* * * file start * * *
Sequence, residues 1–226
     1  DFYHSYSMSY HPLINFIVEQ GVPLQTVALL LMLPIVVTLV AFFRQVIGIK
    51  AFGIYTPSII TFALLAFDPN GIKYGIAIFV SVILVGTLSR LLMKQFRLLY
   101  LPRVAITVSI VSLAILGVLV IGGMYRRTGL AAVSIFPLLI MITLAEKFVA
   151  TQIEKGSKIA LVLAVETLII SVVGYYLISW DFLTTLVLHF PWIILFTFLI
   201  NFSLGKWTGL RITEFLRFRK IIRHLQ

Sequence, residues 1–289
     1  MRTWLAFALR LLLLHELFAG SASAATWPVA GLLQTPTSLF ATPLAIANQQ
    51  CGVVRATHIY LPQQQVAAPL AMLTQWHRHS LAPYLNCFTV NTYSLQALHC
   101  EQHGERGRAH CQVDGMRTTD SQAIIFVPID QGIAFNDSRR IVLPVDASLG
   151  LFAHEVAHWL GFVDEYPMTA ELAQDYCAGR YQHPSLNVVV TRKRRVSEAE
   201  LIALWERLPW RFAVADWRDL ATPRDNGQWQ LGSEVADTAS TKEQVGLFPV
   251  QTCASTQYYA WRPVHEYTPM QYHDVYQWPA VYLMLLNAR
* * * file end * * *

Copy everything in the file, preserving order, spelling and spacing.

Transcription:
Sequence, residues 1–226
     1  DFYHSYSMSY HPLINFIVEQ GVPLQTVALL LMLPIVVTLV AFFRQVIGIK
    51  AFGIYTPSII TFALLAFDPN GIKYGIAIFV SVILVGTLSR LLMKQFRLLY
   101  LPRVAITVSI VSLAILGVLV IGGMYRRTGL AAVSIFPLLI MITLAEKFVA
   151  TQIEKGSKIA LVLAVETLII SVVGYYLISW DFLTTLVLHF PWIILFTFLI
   201  NFSLGKWTGL RITEFLRFRK IIRHLQ

Sequence, residues 1–289
     1  MRTWLAFALR LLLLHELFAG SASAATWPVA GLLQTPTSLF ATPLAIANQQ
    51  CGVVRATHIY LPQQQVAAPL AMLTQWHRHS LAPYLNCFTV NTYSLQALHC
   101  EQHGERGRAH CQVDGMRTTD SQAIIFVPID QGIAFNDSRR IVLPVDASLG
   151  LFAHEVAHWL GFVDEYPMTA ELAQDYCAGR YQHPSLNVVV TRKRRVSEAE
   201  LIALWERLPW RFAVADWRDL ATPRDNGQWQ LGSEVADTAS TKEQVGLFPV
   251  QTCASTQYYA WRPVHEYTPM QYHDVYQWPA VYLMLLNAR